*MTV on Friday confirmed that Nationwide Series driver Jeremy Clements used the n-word in a conversation with one of its editors, which led to Clements receiving an indefinite suspension from NASCAR for violating the sport’s code of conduct.
The editor of MTV’s “Guy Code” blog, Marty Beckerman, said he attended last Saturday’s race at Daytona International Speedway to do “a fish-out-of-water story about going to NASCAR and having a wild, crazy weekend.”
“And, we were doing interviews with many of the drivers, and I was on the way to another interview — we were looking for [driver] Johanna Long’s trailer — and the NASCAR publicist called Mr. Clements over and asked him for help finding her,” Beckerman said.
“He [Clements] walked us toward where she was, and on the way over, I explained to him that ‘Guy Code’ is rules for guys, how you treat your friends, how you treat your ladies, things like that. I was there to do a humor piece, so I asked him what would be ‘Guy Code’ for race car drivers, and he blurted out [a phrase that used the n-word].”
Clements has declined to disclose what he said and his remark had not previously been published or broadcast. In a one-on-one interview with ESPN.com, Clements still would not verbalize the specific comments he made, but when pressed for clarity about whether or not it was racial, he paused. Asked again, “Was it racial or not? Maybe not in context, but in term?” Clements replied: “Correct.”
“When you say ‘racial’ remark, it wasn’t used to describe anybody or anything,” Clements told ESPN. “So that’s all I’m going to say to that. And it really wasn’t. I was describing racing, and the word I used was incorrect and I shouldn’t have said it. It shouldn’t be used at all.
In the MTV News story, Beckerman said he debated whether to publish the story around the quote. He said during discussions with editors he was contacted by a NASCAR representative who told him of Clements’ suspension.
“We had not even intended to necessarily publish it, because our site is a humor site for men, we aren’t the New York Times, we aren’t investigative journalism. It didn’t fit with our blog,” Beckerman told MTV. “The fact is that NASCAR made this a national story, and then Clements explained a bit of what he said to ESPN. … I never wanted to be part of the story.”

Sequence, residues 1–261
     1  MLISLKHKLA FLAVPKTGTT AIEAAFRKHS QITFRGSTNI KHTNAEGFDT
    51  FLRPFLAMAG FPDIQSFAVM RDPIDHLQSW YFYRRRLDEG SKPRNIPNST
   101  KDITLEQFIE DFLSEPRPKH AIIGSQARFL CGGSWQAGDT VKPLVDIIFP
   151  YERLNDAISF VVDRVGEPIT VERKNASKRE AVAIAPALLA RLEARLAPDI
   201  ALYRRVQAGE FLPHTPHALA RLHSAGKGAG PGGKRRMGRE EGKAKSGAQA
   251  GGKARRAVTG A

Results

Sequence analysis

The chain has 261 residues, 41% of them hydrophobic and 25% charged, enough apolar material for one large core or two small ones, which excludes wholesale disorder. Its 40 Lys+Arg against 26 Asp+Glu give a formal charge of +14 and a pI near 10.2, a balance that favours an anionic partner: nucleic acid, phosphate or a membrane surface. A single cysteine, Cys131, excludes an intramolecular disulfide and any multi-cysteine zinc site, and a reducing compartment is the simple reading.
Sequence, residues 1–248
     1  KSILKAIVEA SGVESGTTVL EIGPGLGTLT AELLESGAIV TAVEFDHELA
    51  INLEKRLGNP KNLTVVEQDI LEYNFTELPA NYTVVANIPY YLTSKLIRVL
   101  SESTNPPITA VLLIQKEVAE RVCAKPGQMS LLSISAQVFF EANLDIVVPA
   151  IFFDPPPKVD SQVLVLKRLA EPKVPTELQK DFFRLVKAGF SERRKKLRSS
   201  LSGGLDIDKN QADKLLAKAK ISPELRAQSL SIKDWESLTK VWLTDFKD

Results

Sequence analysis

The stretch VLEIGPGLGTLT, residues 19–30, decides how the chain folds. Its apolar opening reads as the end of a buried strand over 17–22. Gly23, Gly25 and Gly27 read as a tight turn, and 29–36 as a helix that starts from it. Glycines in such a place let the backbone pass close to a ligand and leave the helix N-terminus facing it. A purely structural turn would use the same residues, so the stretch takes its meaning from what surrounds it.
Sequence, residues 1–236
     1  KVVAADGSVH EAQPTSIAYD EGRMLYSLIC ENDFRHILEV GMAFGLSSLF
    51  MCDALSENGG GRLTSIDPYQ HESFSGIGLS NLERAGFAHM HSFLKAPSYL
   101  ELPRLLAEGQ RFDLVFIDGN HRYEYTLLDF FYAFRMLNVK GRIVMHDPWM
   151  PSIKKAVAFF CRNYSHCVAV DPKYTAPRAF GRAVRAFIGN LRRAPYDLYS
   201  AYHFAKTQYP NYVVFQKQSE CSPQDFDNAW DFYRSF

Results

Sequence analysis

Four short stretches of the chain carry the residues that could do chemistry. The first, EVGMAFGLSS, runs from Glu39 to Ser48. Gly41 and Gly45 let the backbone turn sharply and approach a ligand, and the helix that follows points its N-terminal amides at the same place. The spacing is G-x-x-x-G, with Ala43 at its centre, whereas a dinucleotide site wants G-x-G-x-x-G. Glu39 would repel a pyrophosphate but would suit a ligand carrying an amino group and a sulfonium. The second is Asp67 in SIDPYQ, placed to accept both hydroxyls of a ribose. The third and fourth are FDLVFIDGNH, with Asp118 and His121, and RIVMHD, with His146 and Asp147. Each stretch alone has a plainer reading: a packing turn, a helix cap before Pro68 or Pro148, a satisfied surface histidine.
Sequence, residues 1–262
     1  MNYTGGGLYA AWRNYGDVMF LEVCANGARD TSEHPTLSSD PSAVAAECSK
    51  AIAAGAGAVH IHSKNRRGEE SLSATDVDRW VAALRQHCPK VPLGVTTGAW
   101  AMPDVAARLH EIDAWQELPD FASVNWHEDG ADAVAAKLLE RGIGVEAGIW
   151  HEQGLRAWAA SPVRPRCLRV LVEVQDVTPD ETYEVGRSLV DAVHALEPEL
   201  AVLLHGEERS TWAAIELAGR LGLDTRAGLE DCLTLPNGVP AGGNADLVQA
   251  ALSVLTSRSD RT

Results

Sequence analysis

Clements was indefinitely suspended Wednesday. NASCAR officials would not verify or discuss what he said, only that it was an “intolerable and insensitive remark” and violated the sanctioning body’s Code of Conduct for actions detrimental to stock car racing. Officials did verify that the remarks came during the course of a Feb. 23 interview. That was the same day as the Nationwide opener at Daytona.
Clements, who finished 33rd after parking early with an oil line problem, released a statement shortly after the suspension. “I apologize and regret what I said to the NASCAR writer and to NASCAR, my sponsors, my fans, and my team. NASCAR has a Code of Conduct that everyone must follow and I unintentionally violated that code.
“I will not get into specifics of what I said, but my comment to the writer was in no way meant to be disrespectful or insensitive to anyone or to be detrimental to NASCAR or the NASCAR Nationwide Series. I will do what I need to do in order to atone for my error in judgment.”
NASCAR’s only official comment came in a statement from Steve O’Donnell, vice president of racing operations. “During the course of an interview, Jeremy Clements made an intolerable and insensitive remark,” O’Donnell said in a release. “NASCAR has a Code of Conduct that’s explicitly spelled out in the 2013 NASCAR Rule Book. We fully expect our entire industry to adhere to that Code.”
Beckerman said he wrote the quote and that the conversation was not recorded. He said Clements called him on Thursday to discuss the quote and “let it be known that he regretted it. I don’t know him well enough to know if that reflects anything in his heart,” Beckerman said in the MTV story, “but he said he doesn’t harbor these feelings.”